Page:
It is the most useful tool that I've found. People have been dividing up psychological or personality types for thousands of years by observation. They have usually divided into 4 types. e.g. Plato's Artisan, Guardian, Idealist, Rational. Jung expanded on this and published his "Psychological Types". Katherine Briggs continued to work on his theories and her daughter starting constructing some sort of test to put Jung's theory to practical use in work placement which became the Myers/Briggs Type Indicator. All of this including Jung's work grew out of a real desire to understand someone close to them who "preferred" to use their minds a different way. What started out as a work placement tool became a tool to understand personal relationships in general. It turns into a way to understand oneself in order to understand others and live in the world with peace and grace. "Love thy neighbor as thyself." First you must understand/love yourself in order to love your neighbor.
I enjoy other tools like the Eneagram, but the MBTI comes from a positive place rather than working from dysfunction. As my teacher said, "We all label each other, why not have fun with it and understand what is behind the labels such as "flaky" or "judgmental".
And yes, the intuitives are a small bunch. The INTJ's even smaller composed of about 2% of the population.

Submitted by lambert on

I agree. For whatever reason, it may be the nature of the actual questions, I never got the sense of being "force fit" into any of the categories with MB.

Submitted by MontanaMaven on

Believe me, the worst part of the course was statistics. I hated statistics in college and still do. But the type indicator has gone through exhaustive self corrections to try and eliminate bias in the "test". They prefer "indicator" to "test" because it is the taker of the test that indicates what they are. What they prefer based on opposites. What people do with the tool is something else, but Myers did not pull this out of her butt.

The criticism I encounter the most when I start talking about the theory of opposites is that people say, "Oh, I'm both." Of course, everybody wants to be both if they don't think about it. "I'm a thinker and a feeler." "I sometimes like crowds and sometimes don't." But that's not what this is about. It is what you prefer. It's like being left handed or right handed. It's just easier to do it with my right hand, but if I have to I can use my left.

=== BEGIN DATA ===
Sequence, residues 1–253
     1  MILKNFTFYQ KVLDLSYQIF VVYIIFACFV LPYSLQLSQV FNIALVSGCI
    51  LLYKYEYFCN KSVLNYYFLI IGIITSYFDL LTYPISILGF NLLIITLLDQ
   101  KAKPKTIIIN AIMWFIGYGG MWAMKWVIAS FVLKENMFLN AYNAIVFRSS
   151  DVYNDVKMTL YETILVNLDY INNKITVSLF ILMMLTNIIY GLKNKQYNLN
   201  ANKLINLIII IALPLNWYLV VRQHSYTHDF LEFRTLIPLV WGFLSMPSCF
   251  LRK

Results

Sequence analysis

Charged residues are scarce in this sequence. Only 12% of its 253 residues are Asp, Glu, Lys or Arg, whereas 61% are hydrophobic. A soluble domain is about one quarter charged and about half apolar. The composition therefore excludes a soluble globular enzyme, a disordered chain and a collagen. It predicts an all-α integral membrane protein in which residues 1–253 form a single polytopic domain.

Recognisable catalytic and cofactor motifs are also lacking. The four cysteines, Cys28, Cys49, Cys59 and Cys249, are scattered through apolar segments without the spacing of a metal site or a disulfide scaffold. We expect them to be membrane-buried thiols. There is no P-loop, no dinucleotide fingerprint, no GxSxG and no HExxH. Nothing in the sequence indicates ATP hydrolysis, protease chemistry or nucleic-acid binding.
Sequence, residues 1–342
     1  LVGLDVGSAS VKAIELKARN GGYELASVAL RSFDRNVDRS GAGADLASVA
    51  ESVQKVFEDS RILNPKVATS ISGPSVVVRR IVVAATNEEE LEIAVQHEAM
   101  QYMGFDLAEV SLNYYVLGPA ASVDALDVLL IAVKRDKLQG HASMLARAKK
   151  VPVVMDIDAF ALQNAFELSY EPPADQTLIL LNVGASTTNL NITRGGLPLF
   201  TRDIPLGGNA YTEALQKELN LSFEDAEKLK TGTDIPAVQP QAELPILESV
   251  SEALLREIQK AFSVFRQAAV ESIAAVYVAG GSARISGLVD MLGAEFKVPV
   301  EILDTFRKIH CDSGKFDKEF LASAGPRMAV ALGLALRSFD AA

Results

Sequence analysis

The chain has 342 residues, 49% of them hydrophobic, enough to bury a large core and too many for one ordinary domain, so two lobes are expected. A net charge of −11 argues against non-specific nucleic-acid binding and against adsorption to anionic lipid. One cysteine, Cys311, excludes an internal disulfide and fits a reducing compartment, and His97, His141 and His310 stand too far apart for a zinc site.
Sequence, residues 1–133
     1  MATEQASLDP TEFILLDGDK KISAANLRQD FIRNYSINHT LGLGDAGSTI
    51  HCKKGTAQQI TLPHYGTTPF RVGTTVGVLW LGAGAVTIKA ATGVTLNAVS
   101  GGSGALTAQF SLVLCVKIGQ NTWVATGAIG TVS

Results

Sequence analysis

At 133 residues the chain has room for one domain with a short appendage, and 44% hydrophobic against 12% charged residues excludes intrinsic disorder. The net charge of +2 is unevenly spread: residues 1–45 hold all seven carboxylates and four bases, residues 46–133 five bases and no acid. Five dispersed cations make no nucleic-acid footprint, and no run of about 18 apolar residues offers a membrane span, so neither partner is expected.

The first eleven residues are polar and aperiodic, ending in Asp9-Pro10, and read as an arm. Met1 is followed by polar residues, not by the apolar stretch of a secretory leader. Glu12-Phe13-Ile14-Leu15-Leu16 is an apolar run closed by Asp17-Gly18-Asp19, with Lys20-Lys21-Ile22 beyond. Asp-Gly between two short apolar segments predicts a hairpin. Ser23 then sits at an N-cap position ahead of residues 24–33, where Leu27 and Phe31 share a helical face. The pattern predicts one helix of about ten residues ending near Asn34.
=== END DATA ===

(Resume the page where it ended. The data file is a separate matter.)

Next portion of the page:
I found it so much more freeing, yes Libertarians, freeing to be myself. This is what I came into the world as. My operating system. But if I am to be a mature person, I develop my opposites, my less preferred functions; my software as it were that develops my character. Jung calls this process "individuation".
When I was a talent agent I urged my young actors to go into an audition being themselves. "Be the best darn orange. They may be looking for a banana. But you might change their mind and they will say to themselves, "Never thought of an orange. So much more interesting than a banana. Maybe that's the way to go." I learned this the hard way as an actor often trying to be somebody I wasn't.
Later when I finally took the MBTI, I think I gamed the test to be a "F" instead of a "T". I guess I had been called a hard ass one too many times and wanted to be known for my empathy and what I thought was goodness. But something clicked and I retook the test as objectively as I could, and I scored a "T" and have scored that ever since and been so much happier. I am a hard ass for my clients. I am a hard ass when it comes to justice for all. But I know now how to soften my observations. I listen more before coming up with them. I work at it.
Sorry, I could go on and on. I love this stuff.

Alexa's picture
Submitted by Alexa on

on this, including the President's own words just days ago. Very similar jargon.

This is all in keeping with the Charles Murray (co-author of the infamous The Bell Jar) concept in his fairly recent book entitled, "Coming Apart."

Thanks.

Alexa

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Submitted by Jessica Yogini on

"I know there's a case to be made that Meyers-Briggs is claptrap on a par with astrology, "

A lot of classification systems give useful information about some people, but none (that I know of) work for everyone. There is always some percentage of people who don't fit in the schema. But if we are too attached to the classification system, we apply it anyway. At that point, it turns into anal-ysis as Dilbert defines it. Except it is attributes rather than numbers that are pulled. Pushed too.
My favorite of them is the enneagram.
And another good one is simple: There are three kinds of people. Those who can count and those who can't.